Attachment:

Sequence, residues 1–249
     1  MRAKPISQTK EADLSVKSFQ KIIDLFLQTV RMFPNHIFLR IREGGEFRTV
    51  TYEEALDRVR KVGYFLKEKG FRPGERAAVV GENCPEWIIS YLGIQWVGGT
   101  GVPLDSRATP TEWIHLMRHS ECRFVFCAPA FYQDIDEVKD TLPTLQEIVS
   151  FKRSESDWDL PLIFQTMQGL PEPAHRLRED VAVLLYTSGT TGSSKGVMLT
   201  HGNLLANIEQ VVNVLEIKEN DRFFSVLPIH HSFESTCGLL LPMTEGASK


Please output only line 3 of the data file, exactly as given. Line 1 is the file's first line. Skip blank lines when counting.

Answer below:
    51  TYEEALDRVR KVGYFLKEKG FRPGERAAVV GENCPEWIIS YLGIQWVGGT